How To Build A Successful Blog (Interview)

Meet Alborz Fallah, the owner of the famed owner of Car Advice. In 2008, Alborz’s blog was independently valued at $5.9 MILLION dollars. He now has a team of full time writers producing content and he gets to drive expensive cars, which he then writes about in his blog. And giess what? It all started with a computer in his bedroom.

Alborz was recently interviewed over at Yaro’s blog. Here’s some of the most important points to take away from the interview (in Yaro’s words):

  • You can start a blog and choose top level categories in very competitive markets, if you niche it down based on geographical location. In other words, you can start a car blog and target just your country to differentiate it. There’s big bucks to be made as the leading blog in just one country for mainstream subjects.
  • When you don’t know what topic to blog about, pick what you think might work and just put something out there and see what happens.
  • You can build a significant blog based only on part time labor, if you are dedicated and get things done during the time you have available to work on the project.
  • Sometimes, being controversial can do wonderful things for your traffic. Strong opinions will always stick out and grab attention.
  • Search engine traffic is very powerful if you just do a few things right, like blog post titles in Alborz’s case.
  • Think BIG with your blog, it doesn’t have to be just a small publication – consider taking things to the next level with the help of financial investors.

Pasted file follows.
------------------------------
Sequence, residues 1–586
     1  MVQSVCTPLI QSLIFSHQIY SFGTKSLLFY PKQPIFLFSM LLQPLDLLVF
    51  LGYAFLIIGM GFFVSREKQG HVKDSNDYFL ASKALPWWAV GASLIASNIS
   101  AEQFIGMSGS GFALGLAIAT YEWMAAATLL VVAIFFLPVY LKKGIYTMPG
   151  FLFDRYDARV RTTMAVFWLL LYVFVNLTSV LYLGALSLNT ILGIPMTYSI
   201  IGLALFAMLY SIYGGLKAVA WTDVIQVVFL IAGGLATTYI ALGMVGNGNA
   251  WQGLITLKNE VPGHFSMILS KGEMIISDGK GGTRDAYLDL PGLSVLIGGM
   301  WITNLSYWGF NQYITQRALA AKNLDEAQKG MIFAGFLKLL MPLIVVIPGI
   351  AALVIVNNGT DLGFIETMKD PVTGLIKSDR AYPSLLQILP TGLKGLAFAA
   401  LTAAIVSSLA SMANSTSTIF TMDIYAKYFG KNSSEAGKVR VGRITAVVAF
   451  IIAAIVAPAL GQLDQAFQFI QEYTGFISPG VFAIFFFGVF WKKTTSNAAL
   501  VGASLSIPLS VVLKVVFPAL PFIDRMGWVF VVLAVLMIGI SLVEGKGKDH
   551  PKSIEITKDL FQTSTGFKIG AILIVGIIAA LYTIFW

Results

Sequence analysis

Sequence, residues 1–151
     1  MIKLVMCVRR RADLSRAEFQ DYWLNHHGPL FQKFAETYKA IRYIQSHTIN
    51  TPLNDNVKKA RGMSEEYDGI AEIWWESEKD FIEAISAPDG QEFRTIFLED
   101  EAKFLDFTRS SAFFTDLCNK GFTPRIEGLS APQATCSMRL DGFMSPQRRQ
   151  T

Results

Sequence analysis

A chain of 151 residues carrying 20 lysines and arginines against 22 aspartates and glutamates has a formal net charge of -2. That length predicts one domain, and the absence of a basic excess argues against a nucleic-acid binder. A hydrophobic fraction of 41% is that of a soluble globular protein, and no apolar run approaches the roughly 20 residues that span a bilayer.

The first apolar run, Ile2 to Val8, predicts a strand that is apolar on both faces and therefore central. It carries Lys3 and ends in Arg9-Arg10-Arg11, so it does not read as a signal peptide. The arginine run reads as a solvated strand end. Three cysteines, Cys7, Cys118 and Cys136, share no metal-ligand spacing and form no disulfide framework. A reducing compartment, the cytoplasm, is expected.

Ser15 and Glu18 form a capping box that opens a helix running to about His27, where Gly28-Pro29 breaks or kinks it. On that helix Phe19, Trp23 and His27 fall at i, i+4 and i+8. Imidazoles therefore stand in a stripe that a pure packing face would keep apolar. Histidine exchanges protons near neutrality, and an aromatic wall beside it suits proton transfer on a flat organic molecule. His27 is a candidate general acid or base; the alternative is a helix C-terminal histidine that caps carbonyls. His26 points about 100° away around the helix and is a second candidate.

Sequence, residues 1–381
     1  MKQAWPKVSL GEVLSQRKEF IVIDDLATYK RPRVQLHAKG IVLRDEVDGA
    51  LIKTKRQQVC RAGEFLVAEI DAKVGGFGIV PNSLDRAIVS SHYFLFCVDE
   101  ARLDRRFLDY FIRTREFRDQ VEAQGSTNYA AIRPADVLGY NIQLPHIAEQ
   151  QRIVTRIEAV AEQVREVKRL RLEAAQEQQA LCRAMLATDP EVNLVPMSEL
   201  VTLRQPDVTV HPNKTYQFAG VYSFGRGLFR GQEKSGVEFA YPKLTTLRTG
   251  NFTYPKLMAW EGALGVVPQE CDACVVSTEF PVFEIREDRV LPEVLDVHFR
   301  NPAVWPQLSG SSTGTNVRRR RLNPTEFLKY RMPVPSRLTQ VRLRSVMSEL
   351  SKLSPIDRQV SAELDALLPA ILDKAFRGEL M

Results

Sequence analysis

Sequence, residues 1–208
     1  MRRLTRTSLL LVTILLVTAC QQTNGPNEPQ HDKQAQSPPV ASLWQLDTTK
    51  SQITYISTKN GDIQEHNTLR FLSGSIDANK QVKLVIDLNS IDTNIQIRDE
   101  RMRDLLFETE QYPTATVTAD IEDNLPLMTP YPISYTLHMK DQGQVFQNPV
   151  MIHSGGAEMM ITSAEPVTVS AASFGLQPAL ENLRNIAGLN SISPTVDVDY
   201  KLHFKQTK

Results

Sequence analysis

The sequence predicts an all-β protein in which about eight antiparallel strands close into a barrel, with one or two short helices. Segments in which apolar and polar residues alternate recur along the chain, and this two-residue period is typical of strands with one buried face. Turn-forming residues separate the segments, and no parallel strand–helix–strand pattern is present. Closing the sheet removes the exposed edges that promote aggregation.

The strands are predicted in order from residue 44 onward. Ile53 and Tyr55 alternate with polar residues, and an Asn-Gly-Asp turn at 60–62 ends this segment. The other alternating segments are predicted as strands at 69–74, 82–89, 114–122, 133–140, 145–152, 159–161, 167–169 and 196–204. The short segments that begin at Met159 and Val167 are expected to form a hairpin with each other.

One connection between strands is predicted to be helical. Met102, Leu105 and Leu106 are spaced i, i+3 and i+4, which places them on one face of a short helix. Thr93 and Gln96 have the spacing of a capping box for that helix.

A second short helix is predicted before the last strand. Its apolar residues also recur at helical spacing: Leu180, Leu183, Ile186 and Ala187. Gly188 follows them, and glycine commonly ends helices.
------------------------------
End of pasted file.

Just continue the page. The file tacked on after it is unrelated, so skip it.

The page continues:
Download an mp3 of the whole interview, or get the text as PDF.

Don’t Let This Be You – How Twitter Was Violated

Twitter is probably the world’s hottest technology company in the world at this time. If you follow the world technology industry, you’ll no doubt see Twitter in the news at least once a week, every week. Well, this past week, Twitter was in the news again – for all the wrong reasons. A cracker from France (named “Hacker Croll”) managed to single-handedly break down Twitter’s security system and gain access to confidential company information, employee records, calendars, phone logs, credit card numbers and other information.

In a thriller of an article, Techcrunch lays bare the riveting story of how Hacker Croll violated Twitter. Here is a summary of how he did it:

1. HC accessed Gmail for a Twitter employee by using the password recovery feature that sends a reset link to a secondary email. In this case the secondary email was an expired Hotmail account, he simply registered it, clicked the link and reset the password. Gmail was then owned.
2. HC then read emails to guess what the original Gmail password was successfully and reset the password so the Twitter employee would not notice the account had changed.
3. HC then used the same password to access the employee’s Twitter email on Google Apps for your domain, getting access to a gold mine of sensitive company information from emails and, particularly, email attachments.
4. HC then used this information along with additional password guesses and resets to take control of other Twitter employee personal and work emails.
5. HC then used the same username/password combinations and password reset features to access AT&T, MobileMe, Amazon and iTunes, among other services. A security hole in iTunes gave HC access to full credit card information in clear text. HC now also had control of Twitter’s domain names at GoDaddy.
6. Even at this point, Twitter had absolutely no idea they had been compromised.

Read about the whole thrilling account here.